HVAC Improvements For Existing Buildings – HVAC Retrofits

One way to identify Heating Contractor needs in existing buildings is to note what architects and designers are trying to create for clients in new buildings. The objective for a new building is to provide the ideal office space. Tenants are often looking for space that can address such issues as flexibility, modular space planning, environmental considerations and individual temperature comfort. A particular hot spot for many national tenants is to gain the highest level of productivity from their employees. This usually means the building will need plenty of HVAC zones, flexible office hours and point-of-use supplemental systems. These factors point to a flexible and often programmable HVAC system that can meet tenants’ needs.

Architectural trends can also create new loads and requirements for an HVAC system in an existing facility. More natural light can increase heat loads; atrium designs can obstruct air distribution; additional zones can increase the overall volume of ventilated air needed, the quantity of heat to be rejected and the amount of outdoor air required. If a building doesn’t have a flexible HVAC plant, then modifications or upgrades to the HVAC system will be necessary to compete with new building design and technology.

One factor that must be considered in any analysis of a possible retrofit is that an HVAC upgrade usually means that the building has to be brought into compliance with current codes. Some codes are based on prescriptive regulations; however, the trend to create a safer and healthier indoor environment can also bring new performance requirements. For example, over time, the percentage of outdoor air has gradually been increased, and current requirements may call for more outdoor air than many buildings have the capacity to condition. Bringing the building up to code may require a significant investment in upgrades beyond those originally planned.

Making Retrofit Decisions

HVAC systems are major energy users, and new HVAC technology is far more efficient than 15 to 20-year-old systems in place in buildings. In some cases, the energy savings alone are so substantial that they justify the upgrade investment. But in many commercial office buildings it can be difficult to justify an HVAC upgrade. Perhaps some upgrades have been performed over the years, reducing the energy savings now available. Or perhaps the owner has a too short a payback-period requirement for energy upgrades.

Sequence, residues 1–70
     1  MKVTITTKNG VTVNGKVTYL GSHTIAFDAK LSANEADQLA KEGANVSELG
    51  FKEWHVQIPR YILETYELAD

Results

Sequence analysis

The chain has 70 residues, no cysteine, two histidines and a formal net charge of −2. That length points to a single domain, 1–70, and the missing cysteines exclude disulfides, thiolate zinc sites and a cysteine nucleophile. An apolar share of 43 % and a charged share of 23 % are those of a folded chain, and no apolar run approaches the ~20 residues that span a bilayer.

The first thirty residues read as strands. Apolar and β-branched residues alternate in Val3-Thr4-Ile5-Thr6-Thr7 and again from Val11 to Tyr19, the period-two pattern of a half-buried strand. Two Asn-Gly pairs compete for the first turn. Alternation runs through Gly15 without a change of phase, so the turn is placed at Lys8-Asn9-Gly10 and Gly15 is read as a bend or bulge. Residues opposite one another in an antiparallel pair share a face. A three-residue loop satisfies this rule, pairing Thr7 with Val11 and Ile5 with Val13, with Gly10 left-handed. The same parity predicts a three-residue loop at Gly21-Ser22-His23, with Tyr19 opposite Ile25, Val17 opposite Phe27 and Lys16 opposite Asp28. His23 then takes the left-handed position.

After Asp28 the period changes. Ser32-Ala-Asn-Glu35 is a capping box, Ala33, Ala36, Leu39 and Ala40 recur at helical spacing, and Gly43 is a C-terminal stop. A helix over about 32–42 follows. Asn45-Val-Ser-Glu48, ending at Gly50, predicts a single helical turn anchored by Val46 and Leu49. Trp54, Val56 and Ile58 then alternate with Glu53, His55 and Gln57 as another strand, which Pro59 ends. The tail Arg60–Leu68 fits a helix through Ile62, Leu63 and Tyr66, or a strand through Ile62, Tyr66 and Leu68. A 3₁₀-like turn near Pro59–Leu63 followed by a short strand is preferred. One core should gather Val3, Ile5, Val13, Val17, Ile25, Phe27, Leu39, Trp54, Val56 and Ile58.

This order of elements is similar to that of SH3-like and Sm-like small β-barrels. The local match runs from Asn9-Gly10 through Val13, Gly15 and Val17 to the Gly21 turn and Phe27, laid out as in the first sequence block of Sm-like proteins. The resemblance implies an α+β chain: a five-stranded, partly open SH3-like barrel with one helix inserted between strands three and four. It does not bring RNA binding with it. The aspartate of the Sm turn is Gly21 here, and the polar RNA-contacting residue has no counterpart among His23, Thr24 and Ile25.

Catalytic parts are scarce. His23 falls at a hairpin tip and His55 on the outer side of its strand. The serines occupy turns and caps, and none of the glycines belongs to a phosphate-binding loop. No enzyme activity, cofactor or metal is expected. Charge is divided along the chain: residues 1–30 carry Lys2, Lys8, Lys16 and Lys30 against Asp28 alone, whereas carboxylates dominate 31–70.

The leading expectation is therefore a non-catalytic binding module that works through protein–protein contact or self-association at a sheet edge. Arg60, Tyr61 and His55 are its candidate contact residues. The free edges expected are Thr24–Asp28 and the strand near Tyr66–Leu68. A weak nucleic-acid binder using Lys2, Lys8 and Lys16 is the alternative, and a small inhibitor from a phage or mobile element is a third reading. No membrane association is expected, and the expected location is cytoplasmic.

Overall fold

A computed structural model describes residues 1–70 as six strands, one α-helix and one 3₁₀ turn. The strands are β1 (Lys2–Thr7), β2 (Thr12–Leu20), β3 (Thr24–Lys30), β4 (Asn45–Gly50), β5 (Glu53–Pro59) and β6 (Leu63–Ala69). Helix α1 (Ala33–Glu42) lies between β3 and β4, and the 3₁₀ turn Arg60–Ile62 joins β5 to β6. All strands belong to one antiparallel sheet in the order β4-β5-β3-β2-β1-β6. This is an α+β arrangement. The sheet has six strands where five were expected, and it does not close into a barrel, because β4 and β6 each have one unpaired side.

When energy savings alone do not clearly justify an upgrade, how does the facility executive responsible for a commercial office building determine whether and how to upgrade the HVAC system? It is best to start with the building profile. A relatively small or mid-sized building (less than 200,000 square feet) may present marketing opportunities not available to larger facilities. For instance, instead of converting a constant-volume system to variable-air-volume (VAV), it might be possible to make each floor a separate zone. The marketing plan could then be changed to focus on larger, whole-floor users with large bullpen work areas that do not require multi-zone improvements.

In a medium or large-sized building, upgrade options will depend more on the type of system already in place. If the base building system is a constant volume system, with the main fans delivering varied air temperatures to large sectors of the building, there isn’t much choice. To serve the varied needs of today’s tenants, the facility executive will need, at a minimum, to increase the zoning abilities. How this is accomplished depends on the building’s design and business plan.

For example, new speculative office buildings sometimes install heat pumps, which can deliver heating or cooling to small or large zones, are easily programmable, and operate at about 50 cents a ton per hour. But is the first cost for installing heat pumps a good value for retrofits? Probably not if the building was configured as a constant-volume or multi-zone system. Using heat pumps would require running condenser piping throughout the building and changing the fresh air distribution; what’s more, the actual conversion could not run parallel to the old system if this retrofit was attempted in the summer because the cooling tower would be reused.

In this case, options for conversion should be limited to a VAV conversion or to individual zone diffusing that does not reduce energy costs but does create comfort zones similar to VAV systems. VAV systems provide a constant temperature to the space, but the air volume varies with the comfort setting. If the building was constructed after 1975, it probably has some type of VAV system installed. The earlier systems did provide easy zone creation; however, after-hour and flexible operation were usually not part of the operating system.

Leave a Reply

Your email address will not be published. Required fields are marked *